Understanding the Concept of Double Jeopardy

Essentially Double Jeopardy is being tried for the same crime or offense more than once. The 5th Amendment to the United States Constitution is commonly referred to as the “Double Jeopardy clause.” The 5th Amendment states that “No person . . . shall be subject for the same offense to be twice put in jeopardy of life or limb.” However, today one need not face execution or physical injury to his or her body to be protected by the Double Jeopardy clause. The United States Supreme Court has since expanded the Double Jeopardy clause to apply to any criminal cases – misdemeanors, felonies, and juvenile proceedings (Youth Court).  
It is important to note that the Double Jeopardy clause only applies to criminal cases—not to civil cases or actions of administrative agencies. Therefore, even though a person has been tried and convicted in a drunk driving case, he or she could still be sued in civil court for any damages he or she may have caused due to driving drunk (property damage or personal injuries). Additionally, his or her driver’s license could be suspended by the state’s Department of Motor Vehicles.  
Why is the Double Jeopardy clause important? Without the protection from Double Jeopardy, a person who has been found not guilty or acquitted of a crime could be tried again for the same offense until such time as he or she is ultimately convicted. Also, the Double Jeopardy clause creates finality of criminal charges. That means once a person has been tried and acquitted for a crime, even if new evidence is later discovered, he or she cannot be tried again for that crime. It also means a person cannot be criminally punished more than once for the same crime.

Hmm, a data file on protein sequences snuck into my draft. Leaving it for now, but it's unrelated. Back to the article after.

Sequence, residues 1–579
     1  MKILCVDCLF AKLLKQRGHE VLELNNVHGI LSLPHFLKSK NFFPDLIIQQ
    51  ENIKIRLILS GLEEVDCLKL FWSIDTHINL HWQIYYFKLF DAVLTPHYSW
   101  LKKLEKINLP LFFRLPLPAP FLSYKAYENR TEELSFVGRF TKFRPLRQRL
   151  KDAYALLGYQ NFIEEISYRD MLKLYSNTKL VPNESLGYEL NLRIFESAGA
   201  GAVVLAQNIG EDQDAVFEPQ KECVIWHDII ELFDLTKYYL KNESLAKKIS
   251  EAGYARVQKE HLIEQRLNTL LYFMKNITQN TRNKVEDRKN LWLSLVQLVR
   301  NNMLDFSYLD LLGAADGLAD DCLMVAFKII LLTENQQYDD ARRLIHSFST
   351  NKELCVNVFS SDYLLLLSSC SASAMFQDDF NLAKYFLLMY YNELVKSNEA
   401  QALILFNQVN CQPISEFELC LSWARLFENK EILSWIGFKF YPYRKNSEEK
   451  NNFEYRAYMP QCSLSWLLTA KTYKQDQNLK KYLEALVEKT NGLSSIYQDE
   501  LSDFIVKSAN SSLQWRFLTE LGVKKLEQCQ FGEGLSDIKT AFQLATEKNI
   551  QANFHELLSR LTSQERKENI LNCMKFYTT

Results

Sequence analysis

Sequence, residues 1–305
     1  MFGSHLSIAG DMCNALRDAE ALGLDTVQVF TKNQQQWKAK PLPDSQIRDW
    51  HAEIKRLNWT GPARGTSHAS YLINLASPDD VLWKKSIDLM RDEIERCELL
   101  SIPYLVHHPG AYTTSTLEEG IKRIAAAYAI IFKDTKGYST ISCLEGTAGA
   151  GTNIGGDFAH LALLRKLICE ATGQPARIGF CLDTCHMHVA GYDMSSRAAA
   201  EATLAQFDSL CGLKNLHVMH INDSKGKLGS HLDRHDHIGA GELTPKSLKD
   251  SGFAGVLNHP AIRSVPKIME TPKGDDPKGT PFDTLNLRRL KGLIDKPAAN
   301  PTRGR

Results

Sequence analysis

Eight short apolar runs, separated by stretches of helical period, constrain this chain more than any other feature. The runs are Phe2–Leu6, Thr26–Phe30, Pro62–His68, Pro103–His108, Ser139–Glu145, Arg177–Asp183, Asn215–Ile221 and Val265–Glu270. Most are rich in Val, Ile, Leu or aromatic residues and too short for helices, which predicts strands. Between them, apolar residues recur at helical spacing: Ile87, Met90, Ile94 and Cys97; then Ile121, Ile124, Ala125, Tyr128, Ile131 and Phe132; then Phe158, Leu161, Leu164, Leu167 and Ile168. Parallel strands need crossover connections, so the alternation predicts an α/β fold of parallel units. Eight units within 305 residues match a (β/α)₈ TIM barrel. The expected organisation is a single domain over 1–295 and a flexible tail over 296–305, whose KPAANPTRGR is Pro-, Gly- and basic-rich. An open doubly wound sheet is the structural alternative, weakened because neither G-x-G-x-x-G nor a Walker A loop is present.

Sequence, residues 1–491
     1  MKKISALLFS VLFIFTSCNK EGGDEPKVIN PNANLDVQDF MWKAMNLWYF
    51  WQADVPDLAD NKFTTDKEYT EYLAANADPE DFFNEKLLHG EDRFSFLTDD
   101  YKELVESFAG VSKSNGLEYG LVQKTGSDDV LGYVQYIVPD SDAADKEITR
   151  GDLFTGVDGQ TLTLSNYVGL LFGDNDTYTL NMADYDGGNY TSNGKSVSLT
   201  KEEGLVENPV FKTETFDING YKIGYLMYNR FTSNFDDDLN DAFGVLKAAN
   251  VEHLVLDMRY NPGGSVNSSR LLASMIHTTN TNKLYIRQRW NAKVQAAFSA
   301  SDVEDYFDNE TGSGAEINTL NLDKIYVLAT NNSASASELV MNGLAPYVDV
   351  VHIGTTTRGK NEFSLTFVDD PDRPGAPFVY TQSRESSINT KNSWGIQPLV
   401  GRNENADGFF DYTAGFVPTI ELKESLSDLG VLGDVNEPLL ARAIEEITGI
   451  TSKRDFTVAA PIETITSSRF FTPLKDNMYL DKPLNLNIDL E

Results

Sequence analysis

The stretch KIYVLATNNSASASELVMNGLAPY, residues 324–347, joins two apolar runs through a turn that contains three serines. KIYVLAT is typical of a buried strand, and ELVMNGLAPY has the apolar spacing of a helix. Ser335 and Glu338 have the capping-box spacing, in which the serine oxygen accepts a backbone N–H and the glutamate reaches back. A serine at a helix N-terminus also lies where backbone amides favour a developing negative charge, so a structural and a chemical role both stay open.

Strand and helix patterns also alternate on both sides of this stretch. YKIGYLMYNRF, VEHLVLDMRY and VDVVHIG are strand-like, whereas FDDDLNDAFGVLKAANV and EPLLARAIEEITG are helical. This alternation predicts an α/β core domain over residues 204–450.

Jeopardy does not “attach” or begin merely because a person has been arrested for a crime. It does not attach even if the person has been formally charged, indicted, or arraigned on that charge. In cases which are tried before a jury, jeopardy attaches once the jury has been sworn. In bench trials (cases tried by a judge without a jury), jeopardy attaches when the first witness has been sworn and takes the stand to testify.  
Just as jeopardy attaches, it must end or terminate in order for the Double Jeopardy clause to prohibit being charged and tried again for the same crime. Jeopardy terminates when a defendant is acquitted, when a trial is dismissed, when a mistrial is granted (though not in the case of a hung jury), or on appeal following a conviction. At this point, double jeopardy protection will take effect for the duration of the defendant’s life, preventing them from facing judgment for the same offense—though it is important to note that determining whether or not an individual is facing charges or prosecution for the same offense is a complex matter that is oftentimes open to interpretation.
Finally, another important caveat to the Double Jeopardy clause that should be noted is that it only bars subsequent prosecutions by the same sovereign or government. This means that if a state court tried a defendant for a particular crime and fails to get a conviction, the federal government can try the defendant again for the same conduct, so long as federal laws were also violated.
If you are facing criminal charges of any nature, it is essential that you enlist the services of a skilled defense attorney who will fight to defend your rights, including the right of Double Jeopardy. Contact the law firm of Weisberg Kainen Mark today to learn how we can help!

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Weisberg Kainen Mark, PL

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